that Nature might stand up, and say to all the world:
"This was a man."

======================
(Newbie, I'm retired. It doesn't matter any more but my training was in math, not primarily in physics.)
Kea
Kea is offline
#22
Feb22-07, 03:25 PM
P: 859
Quote Quote by marcus View Post
His life was gentle, and the elements so mixed in him,
that Nature might stand up...
Oh no, Marcus! He wasn't stabbed was he?
marcus
marcus is offline
#23
Feb22-07, 03:38 PM
Astronomy
Sci Advisor
PF Gold
marcus's Avatar
P: 22,796
Quote Quote by Kea View Post
Oh no, Marcus! He wasn't stabbed was he?
You mean like Caesar? I think not, Kea.
rtharbaugh1
rtharbaugh1 is offline
#24
Feb28-07, 12:17 PM
P: 310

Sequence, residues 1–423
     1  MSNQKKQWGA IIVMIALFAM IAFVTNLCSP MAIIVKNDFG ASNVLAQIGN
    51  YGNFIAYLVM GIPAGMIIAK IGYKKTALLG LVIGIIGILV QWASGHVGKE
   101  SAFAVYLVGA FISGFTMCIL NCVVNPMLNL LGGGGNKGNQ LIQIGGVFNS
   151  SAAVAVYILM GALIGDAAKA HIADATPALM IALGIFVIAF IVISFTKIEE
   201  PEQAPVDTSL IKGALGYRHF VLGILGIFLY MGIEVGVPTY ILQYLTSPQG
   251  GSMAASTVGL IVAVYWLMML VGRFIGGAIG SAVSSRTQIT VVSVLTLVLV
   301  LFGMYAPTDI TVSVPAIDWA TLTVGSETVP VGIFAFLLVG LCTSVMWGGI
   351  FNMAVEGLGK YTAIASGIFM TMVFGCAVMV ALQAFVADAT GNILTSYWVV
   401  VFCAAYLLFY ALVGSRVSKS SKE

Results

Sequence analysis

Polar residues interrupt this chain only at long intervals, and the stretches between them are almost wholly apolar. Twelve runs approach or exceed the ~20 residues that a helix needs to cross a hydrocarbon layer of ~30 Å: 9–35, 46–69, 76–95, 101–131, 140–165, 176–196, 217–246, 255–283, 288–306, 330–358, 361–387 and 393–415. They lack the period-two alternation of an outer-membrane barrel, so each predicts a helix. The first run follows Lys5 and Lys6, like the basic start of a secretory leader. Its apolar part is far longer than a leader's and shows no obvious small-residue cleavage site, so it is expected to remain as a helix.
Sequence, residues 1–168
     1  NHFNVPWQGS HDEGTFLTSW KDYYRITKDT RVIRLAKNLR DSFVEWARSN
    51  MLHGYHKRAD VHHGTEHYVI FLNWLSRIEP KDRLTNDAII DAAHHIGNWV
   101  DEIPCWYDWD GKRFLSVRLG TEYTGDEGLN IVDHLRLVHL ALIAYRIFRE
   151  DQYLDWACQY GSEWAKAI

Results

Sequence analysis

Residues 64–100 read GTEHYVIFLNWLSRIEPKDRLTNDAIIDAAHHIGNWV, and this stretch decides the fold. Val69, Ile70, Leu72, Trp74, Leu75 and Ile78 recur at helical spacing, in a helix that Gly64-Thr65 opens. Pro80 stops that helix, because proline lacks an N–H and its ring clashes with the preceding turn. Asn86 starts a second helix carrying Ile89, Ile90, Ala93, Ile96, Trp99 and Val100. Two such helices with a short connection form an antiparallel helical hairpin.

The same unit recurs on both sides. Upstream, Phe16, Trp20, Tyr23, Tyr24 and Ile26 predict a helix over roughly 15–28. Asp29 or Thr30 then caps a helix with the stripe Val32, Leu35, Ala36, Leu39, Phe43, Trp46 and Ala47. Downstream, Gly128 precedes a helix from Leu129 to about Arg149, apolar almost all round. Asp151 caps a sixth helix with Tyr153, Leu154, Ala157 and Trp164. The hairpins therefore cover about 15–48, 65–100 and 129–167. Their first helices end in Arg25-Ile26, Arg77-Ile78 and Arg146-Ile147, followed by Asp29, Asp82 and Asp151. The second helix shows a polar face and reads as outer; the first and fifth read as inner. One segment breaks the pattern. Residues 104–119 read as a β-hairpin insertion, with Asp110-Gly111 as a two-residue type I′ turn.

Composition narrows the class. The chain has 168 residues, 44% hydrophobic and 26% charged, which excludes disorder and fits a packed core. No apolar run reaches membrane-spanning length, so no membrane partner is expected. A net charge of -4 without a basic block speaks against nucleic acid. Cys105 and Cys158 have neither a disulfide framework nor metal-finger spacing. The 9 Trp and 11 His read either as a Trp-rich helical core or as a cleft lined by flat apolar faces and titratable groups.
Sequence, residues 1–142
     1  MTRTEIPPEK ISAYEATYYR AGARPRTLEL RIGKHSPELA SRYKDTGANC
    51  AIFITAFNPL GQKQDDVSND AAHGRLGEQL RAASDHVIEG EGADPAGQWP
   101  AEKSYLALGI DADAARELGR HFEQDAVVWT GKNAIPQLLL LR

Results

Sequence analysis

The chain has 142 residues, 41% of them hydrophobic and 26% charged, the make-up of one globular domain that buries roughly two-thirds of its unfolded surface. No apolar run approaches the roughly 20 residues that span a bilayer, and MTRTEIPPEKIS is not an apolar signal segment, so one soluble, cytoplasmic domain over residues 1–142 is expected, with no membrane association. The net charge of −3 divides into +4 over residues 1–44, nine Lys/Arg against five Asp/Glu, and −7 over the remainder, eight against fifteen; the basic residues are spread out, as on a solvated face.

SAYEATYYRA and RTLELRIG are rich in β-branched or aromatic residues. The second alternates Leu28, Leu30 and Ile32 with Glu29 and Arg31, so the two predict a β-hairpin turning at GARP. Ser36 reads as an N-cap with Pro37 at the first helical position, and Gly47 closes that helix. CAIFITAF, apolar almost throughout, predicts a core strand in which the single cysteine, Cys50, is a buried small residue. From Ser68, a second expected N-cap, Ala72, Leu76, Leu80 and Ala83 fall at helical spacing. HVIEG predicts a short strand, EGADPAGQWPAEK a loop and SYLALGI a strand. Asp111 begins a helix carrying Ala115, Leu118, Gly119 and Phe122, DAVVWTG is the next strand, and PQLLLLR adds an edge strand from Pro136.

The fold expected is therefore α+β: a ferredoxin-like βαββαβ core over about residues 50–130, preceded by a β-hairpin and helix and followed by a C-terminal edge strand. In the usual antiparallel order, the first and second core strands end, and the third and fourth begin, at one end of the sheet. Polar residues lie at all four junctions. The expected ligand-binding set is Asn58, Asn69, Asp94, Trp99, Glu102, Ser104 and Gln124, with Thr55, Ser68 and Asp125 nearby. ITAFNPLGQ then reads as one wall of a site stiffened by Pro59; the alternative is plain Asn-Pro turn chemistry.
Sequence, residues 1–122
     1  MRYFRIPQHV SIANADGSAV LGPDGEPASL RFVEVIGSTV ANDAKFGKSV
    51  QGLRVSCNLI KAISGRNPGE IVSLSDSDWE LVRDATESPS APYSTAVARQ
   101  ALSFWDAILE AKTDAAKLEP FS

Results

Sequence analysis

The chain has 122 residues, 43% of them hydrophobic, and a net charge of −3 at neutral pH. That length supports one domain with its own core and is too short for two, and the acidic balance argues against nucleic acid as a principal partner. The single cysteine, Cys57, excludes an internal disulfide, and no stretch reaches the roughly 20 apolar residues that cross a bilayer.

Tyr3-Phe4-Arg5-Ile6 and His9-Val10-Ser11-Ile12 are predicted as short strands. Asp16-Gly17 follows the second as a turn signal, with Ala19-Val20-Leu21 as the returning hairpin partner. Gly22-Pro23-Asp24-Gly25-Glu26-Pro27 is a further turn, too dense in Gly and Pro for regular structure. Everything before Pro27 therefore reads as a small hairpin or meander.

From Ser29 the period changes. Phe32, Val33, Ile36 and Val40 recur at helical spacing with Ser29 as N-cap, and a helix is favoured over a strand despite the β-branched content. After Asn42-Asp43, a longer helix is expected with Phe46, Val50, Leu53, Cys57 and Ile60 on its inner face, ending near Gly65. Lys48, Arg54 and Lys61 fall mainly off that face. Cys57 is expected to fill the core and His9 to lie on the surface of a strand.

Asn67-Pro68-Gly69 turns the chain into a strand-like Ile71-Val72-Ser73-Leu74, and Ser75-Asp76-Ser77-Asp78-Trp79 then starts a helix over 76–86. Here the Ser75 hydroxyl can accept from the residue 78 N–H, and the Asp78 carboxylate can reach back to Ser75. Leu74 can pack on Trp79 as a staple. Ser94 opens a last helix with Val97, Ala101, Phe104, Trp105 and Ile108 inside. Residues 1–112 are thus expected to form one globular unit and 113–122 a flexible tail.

sA has always been a good friend to me as long as I've known him, on this forum as well as on another before I came here. If I were in MN I'd drive down to Greenville to find out what is going on. I am also still hopeing his absence is temporary and that he will return to us.

Best wishes to all....
Richard
petm1
petm1 is offline
#25
Mar14-07, 12:16 AM
petm1's Avatar
P: 366
It is an old story to everyone here by now, but I will say again that it seems to me we have to accept that there are as many dimensions of time as there are of space. If I have understood correctly, the objection to this is mainly that we have no way of observing conditions along any of the time dimensions that we are not on. That is fair enough. If a time dimension is at right angles to the one we are on, the intersection would be nothing more than a single instant, and we would certainly have no way even in principle to detect such a thing.